Now the photographer in me wanted to stay here the entire day to try for better shots, but I’m a good sport and I can see the guide and Kok Hui want to go off and find some endemic little brown birds, so off we go. We get up to Base Camp which isn’t fancy, but does have a rain shelter (this will be handy). Here we pause for a brief rest, and I take the time to send out the mandatory bragging rights post to Facebook on the Schneider’s Pitta sighting! Pretty amazing, high on an active volcano in many spots you can get a cell phone signal and Internet. It’s because this side of the volcano faces the village which has pretty good cell phone service.
All around we are tormented by Rusty-breasted Wren-babblers, they are calling everywhere and we all get views, but for the entire trip I can never get a photo! They are really rascals and also endemic to Sumatra. Kerinci is wren babbler heaven, there are Pygmy, Eye-browed, Rusty-breasted, Marbled and Sumatran (at least, maybe more).
Ascending slowly we pass through several rest stops, Sumber Air, Camp Cochoa, Pos 3 and then Burnt Tree. Arriving at Burnt Tree around 2 pm the others want to go higher, to First Camp on the summit route, but I’ve had enough so I stay at Burnt Tree. Burnt Tree is about 2,350 meters elevation, a pretty good climb from the forest edge at 1,500 meters.
They said they will only be gone for 45 minutes, but they are actually gone for twice that. The only reason for being up so high is for the Sumatran Cochoa, which exists only on the higher portions of the trail; and although not a glamorous bird like the pitta has it’s own unique history of having been lost and only recently found again in the mid 1990s. Around 2:30 pm it starts to drizzle a bit, I have a premonition, but I decide it would be unfriendly to descend and leave them up here. So I wait. About 10 minutes before they show up, I heard the cochoa, but I think it must be them playing tape so I don’t look very hard. Then they show up about 3:30pm and it wasn’t them playing tape. We wait, and finally everyone hears the cochoa but it is quite far off.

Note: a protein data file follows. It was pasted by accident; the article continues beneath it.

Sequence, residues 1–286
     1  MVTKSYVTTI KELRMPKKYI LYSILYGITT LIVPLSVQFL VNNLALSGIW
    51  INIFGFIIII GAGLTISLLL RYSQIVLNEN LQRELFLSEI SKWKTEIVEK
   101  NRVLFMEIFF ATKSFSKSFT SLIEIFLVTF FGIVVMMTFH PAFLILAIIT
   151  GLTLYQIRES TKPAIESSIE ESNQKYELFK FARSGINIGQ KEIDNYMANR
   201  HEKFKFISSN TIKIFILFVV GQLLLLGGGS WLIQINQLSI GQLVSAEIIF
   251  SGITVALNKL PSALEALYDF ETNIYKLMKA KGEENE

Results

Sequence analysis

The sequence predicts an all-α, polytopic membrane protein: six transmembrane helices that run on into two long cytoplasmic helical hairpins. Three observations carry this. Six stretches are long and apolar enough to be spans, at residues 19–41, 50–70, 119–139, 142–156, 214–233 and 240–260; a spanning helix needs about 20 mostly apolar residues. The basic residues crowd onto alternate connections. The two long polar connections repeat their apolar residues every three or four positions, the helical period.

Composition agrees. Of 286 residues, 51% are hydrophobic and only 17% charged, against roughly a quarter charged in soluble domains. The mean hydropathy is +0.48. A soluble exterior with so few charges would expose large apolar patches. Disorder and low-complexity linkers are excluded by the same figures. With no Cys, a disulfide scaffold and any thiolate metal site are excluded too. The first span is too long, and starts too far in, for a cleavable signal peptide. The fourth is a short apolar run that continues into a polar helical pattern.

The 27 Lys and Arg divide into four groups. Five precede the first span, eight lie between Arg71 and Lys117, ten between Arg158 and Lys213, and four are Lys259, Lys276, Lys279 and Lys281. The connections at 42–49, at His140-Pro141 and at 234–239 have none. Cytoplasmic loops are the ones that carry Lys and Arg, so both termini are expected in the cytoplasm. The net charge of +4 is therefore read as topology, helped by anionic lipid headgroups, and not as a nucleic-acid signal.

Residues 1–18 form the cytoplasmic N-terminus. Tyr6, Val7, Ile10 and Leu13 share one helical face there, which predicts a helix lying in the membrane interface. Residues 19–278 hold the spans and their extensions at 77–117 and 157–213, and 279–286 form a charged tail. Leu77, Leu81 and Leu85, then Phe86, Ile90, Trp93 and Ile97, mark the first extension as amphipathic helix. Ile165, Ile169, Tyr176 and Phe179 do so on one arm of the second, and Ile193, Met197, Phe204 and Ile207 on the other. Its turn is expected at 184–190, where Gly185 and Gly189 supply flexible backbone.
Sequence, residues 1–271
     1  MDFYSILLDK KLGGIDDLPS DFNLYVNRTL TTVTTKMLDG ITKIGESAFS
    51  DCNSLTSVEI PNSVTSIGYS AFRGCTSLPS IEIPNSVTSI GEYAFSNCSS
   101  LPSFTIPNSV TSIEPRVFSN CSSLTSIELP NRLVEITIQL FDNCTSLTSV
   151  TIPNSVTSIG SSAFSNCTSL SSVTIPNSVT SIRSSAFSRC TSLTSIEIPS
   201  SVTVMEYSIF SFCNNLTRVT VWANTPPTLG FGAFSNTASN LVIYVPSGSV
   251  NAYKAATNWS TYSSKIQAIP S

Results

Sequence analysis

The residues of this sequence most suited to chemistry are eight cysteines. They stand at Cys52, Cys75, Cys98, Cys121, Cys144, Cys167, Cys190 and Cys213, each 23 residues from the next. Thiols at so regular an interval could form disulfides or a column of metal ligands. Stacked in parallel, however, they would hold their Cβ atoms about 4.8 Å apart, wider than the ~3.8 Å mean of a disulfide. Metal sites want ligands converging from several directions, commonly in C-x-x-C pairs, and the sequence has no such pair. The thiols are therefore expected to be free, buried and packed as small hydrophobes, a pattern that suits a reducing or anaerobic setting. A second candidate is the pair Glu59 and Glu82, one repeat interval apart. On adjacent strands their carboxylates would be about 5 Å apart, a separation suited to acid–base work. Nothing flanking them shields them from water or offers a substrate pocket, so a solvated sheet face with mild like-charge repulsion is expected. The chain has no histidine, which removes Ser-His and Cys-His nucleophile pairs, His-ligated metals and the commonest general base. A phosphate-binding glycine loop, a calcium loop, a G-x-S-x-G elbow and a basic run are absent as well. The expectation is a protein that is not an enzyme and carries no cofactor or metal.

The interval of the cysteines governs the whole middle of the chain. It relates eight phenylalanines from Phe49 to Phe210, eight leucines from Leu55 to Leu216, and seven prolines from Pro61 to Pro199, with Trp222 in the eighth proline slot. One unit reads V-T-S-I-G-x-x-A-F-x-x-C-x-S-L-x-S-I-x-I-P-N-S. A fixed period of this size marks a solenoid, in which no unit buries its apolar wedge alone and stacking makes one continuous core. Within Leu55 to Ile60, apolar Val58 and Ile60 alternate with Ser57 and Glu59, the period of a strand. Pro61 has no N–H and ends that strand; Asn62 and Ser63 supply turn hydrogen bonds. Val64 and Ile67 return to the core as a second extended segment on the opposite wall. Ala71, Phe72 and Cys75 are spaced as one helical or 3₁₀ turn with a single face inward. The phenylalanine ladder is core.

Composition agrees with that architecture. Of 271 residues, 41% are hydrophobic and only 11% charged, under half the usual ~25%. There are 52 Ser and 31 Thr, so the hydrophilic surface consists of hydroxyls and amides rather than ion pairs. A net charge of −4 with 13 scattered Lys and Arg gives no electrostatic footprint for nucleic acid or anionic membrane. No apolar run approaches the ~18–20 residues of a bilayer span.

The skys are not welcoming. The thunder is real. Finally the guide realizes it is time to start down. We get down to Pos 3 where there is another rain shelter. By now the drizzle has turned into rain. We have 1.5 hours hike down the mountain before we get out. We get drenched, the shoes I wore on that day didn’t try until I got back to Singapore a week later! I loose my voice recorder, I slip and fall three times, but it’s only soft volcanic soil so nothing bruised except the ego. The others don’t have completely water proof jackets, I have a cheap plastic raincoat which is completely waterproof, camera stays dry.
Finally we are down and out around 5:30 pm, time for a beer But what a great day, we got the Schneider’s ! My pre-trip wish list was for three colorful endemics, two pittas and one trogon. I knew the Schneider’s would be the most difficult, and we already had it.
Since both of us were pretty hammered from the mountain, the plan for the next day was to be Tapan Road, a piece of cake by comparison. A bit like Telecom Loop at Fraser’s Hill, and it is surprising how many of the same birds are around, including Long-tailed Broadbills, Fire-tufted Barbets, Greater Yellownapes … but there are also many different birds including a couple of endemic bulbuls and of course the pitta and trogon. Setting off from Subandi home-stay around 5 am it takes 1.5 hours to drive the route marked in green to Sungai Penuh and then another thirty minutes from Sungai Penuh (90,000 population) up to Tapan Pass and the start of the national park. Here is an early morning scene near the top of Tapan Pass.
A rather foggy start to the day, with Sumatran Pigeon, Sumatran Treepie, Fire-breasted Flowerpecker, Ashy Drongo, Fire-tufted Barbet, and White-browed Shrike-babbler appearing but under poor light, the guide finally took us to the first pitta gully. About 15 minutes of whistling later, the pitta appeared and we were summoned for a look. The pitta put on quite a show not more than about 2 meters away, but from a photographic perspective there were some leaves in the way which put a damper on some really close up detailed shots.
Eventually we went on down to the famous Marbled Wren Babbler gully, and sure enough a pair were there. We got several glimpses, but for me not really satisfying views nor any photos, a really skulking bird, but definitely there and very vocal. After this we worked our way back up Tapan Road and I got a Hill Prinia. Getting back to Subandi’s home-stay around 8 pm, our dinner was waiting, a bath and then a few hours sleep until our next wake up at 5:30 am for the second ascent of Gunung Kerinci.